Essential newborn care cuts life-threatening infections by two thirds: WHO

Manila, Jan 16: If a newborn is immediately provided with Early Essential Newborn Care (EENC), over two thirds of life-threatening infections can be prevented, a WHO study says.

EENC, an immediate care of newborn, recommended by WHO, consists of prolonged skin-to-skin cuddle between mother and baby, which allows proper warming, feeding and umbilical cord care.

According to the study conducted in Vietnam, published in The Lancet journal, EENC strengthens health workers’ skills and improves care. These lead to increased rates of skin-to-skin contact and exclusive breastfeeding, and significant reductions in hypothermia (dangerously low body temperature) and sepsis (a dangerous infection in the bloodstream).
Key actions in EECN includes thorough drying, immediate skin-to-skin contact, clamping the cord after pulsations stop, cutting the cord with a sterile instrument and initiating exclusive breastfeeding when the baby shows feeding cues, such as drooling, tonguing, rooting and biting of their hand.

The study compared live birth outcomes in the 12 months before and after EENC was introduced. Data revealed that, after EENC implementation, sepsis cases fell by two thirds (from 3.2 to 0.9 per cent of babies born in the hospital) and hypothermia cases fell by one quarter (from 5.4 to 3.9 per cent)

“A newborn dies every 2 minutes in this Region, but full implementation of EENC could prevent up to half of these deaths,” explained Dr Howard Sobel, Coordinator for Reproductive, Maternal, Newborn, Child and Adolescent Health in WHO’s Western Pacific Region and co-author of the study

Manila, Jan 16 (UNI) If a newborn is immediately provided with Early Essential Newborn Care (EENC), over two thirds of life-threatening infections can be prevented, a WHO study says.

EENC, an immediate care of newborn, recommended by WHO, consists of prolonged skin-to-skin cuddle between mother and baby, which allows proper warming, feeding and umbilical cord care.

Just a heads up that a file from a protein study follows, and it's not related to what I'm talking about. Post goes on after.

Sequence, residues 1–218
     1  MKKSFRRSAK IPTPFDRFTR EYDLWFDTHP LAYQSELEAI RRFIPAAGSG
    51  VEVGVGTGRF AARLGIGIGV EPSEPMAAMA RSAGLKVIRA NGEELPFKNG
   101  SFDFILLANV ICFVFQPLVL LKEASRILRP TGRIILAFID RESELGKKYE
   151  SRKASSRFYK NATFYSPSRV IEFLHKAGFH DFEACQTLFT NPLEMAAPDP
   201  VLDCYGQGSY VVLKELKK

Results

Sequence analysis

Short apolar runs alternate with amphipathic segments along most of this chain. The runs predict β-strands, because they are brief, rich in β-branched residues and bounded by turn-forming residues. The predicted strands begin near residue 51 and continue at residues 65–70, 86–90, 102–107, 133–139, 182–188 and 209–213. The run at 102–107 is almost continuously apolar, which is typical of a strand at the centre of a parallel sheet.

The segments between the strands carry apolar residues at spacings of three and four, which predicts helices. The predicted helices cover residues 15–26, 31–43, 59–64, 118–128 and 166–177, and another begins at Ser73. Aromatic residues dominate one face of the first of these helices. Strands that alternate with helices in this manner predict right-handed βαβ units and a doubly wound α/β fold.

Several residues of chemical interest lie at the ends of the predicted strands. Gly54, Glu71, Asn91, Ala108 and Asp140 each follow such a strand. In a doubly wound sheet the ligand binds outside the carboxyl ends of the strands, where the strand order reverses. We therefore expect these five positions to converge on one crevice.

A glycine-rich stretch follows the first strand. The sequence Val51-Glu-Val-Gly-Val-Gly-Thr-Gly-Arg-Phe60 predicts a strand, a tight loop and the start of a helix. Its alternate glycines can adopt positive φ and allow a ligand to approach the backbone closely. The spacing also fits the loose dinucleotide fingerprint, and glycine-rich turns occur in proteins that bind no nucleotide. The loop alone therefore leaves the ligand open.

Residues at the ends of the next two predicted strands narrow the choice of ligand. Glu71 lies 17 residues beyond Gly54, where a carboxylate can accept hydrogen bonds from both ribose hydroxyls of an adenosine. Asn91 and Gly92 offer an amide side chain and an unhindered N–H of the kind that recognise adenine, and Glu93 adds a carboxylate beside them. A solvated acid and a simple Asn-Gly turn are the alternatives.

According to the study conducted in Vietnam, published in The Lancet journal, EENC strengthens health workers’ skills and improves care. These lead to increased rates of skin-to-skin contact and exclusive breastfeeding, and significant reductions in hypothermia (dangerously low body temperature) and sepsis (a dangerous infection in the bloodstream).

Key actions in EECN includes thorough drying, immediate skin-to-skin contact, clamping the cord after pulsations stop, cutting the cord with a sterile instrument and initiating exclusive breastfeeding when the baby shows feeding cues, such as drooling, tonguing, rooting and biting of their hand.

The study compared live birth outcomes in the 12 months before and after EENC was introduced. Data revealed that, after EENC implementation, sepsis cases fell by two thirds (from 3.2 to 0.9 per cent of babies born in the hospital) and hypothermia cases fell by one quarter (from 5.4 to 3.9 per cent)

“A newborn dies every 2 minutes in this Region, but full implementation of EENC could prevent up to half of these deaths,” explained Dr Howard Sobel, Coordinator for Reproductive, Maternal, Newborn, Child and Adolescent . Health in WHO’s Western Pacific Region and co-author of the study.

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